In parallel with the preparation of this issue of the Signal, including the review and revision process, a research article appeared in the July issue of the Journal of the American Academy of Child and Adolescent Psychiatry (Feldman & Vengrober, 2011) on the high prevalence (37.8% , n=148) of PTSD (Post Traumatic Stress Disorder) among infants and toddlers (1.5 -5 years) exposed daily to war-related trauma. The major resilience factors that differentiated the ExposedPTSD group from the Exposed-non PTSD group, were maternal PTSD, depression and anxiety levels and support networks (Note: Unfortunately, fathers were not included in this study, though, in our clinical experience, they always have a direct and indirect impact, via the quality of co-parenting, on the infant’s adjustment to adverse life situations). An additional, interesting finding was that children diagnosed as having PTSD exhibited high levels of avoidant behavior towards their mothers during the evocation of traumatic memories by the mother. Maternal proximity to the traumatic event and the mother’s PTSD symptoms correlated with the child’s avoidance symptoms (gaze aversion, emotional withdrawal, increased preoccupation with objects, and physical distancing from the mother). Furthermore, maternal depression and PTSD predicted the child’s avoidant behavior.
This study reinforces the well-known notion that PTSD in infancy is very much linked in its pathogenesis to parental PTSD and consequently to its treatment. We may even say, “There is no such a thing as PTSD alone in infancy…” The more specific finding around the high level of avoidance behavior obviously signifies an insecure attachment. Schechter and Rusconi’s paper, in this issue of the Signal, may be viewed as a clinical application of this finding. Most interesting is the Clinician Assisted Videofeeback Exposure Session (CAVES) model the authors have developed for traumatized mothers and very young children (8-50 months), aimed at helping mothers give up their own avoidance behaviors while facing their child’s daily distress. Again, we see that video reviewing is a powerful therapeutic tool, especially for the more “difficult-to-engage” parents, and that it has an impact on the neurobiological level and psychological level, too.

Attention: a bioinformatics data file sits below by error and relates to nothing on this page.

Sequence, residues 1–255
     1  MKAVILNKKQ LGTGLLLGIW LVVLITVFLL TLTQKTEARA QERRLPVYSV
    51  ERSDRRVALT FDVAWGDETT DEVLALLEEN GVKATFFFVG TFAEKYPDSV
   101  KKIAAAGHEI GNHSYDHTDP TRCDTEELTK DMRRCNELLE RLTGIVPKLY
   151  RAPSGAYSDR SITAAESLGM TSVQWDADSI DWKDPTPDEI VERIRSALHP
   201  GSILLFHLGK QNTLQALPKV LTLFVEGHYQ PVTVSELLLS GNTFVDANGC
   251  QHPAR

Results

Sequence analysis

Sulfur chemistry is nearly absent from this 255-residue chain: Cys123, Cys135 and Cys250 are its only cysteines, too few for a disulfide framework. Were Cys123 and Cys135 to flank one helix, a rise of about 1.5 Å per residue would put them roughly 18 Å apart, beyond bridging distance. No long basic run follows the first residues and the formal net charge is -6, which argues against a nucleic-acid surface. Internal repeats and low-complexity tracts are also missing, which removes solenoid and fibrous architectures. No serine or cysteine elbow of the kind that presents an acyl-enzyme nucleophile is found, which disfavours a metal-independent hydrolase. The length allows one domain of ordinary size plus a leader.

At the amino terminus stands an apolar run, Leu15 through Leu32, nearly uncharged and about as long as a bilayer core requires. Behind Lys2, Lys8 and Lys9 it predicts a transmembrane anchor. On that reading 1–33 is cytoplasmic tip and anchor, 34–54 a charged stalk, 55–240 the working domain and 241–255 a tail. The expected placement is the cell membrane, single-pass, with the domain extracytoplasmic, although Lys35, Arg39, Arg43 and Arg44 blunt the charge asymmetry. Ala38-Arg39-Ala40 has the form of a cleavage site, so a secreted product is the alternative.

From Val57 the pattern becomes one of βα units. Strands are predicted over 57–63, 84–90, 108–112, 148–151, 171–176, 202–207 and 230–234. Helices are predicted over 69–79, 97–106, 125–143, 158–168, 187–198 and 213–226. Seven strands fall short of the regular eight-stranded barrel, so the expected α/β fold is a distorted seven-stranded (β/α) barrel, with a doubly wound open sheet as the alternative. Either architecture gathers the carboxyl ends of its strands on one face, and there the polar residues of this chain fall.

Similarly, the Dyadic Attachment-based Nonverbal Communication Expressions (D.A.N.C.E.) model, developed and presented in this issue of the Signal by Tortora, emphasizes the need to address the non-verbal aspects of the parent-infant interaction in general and, even more importantly, in our psychotherapeutic work with traumatized parents and infants where the trauma has left them without words.
More and more often, with the increasing frequency of large-scale disasters and terrorist attacks (while writing these lines, I read about the approaching huge hurricane in the east border of the United States…), clinicians are also at risk of being exposed to the same traumatic event that will bring parents and infants to their clinics. Large-scale traumatic events have a paralyzing impact on everyone. While reading about the CAVES and the DANCE models of treatment, I thought these tools may help not only the parents, but also the clinicians who have lost their power to describe traumatic experiences they have had with words.
Feldman, R. & Vengrober, A. (2011). J Am. Acad. Child Adolesc. Psychiatry, 50 (7):645-658.
Keren, Miri, M.D.,
the Editor of Signal,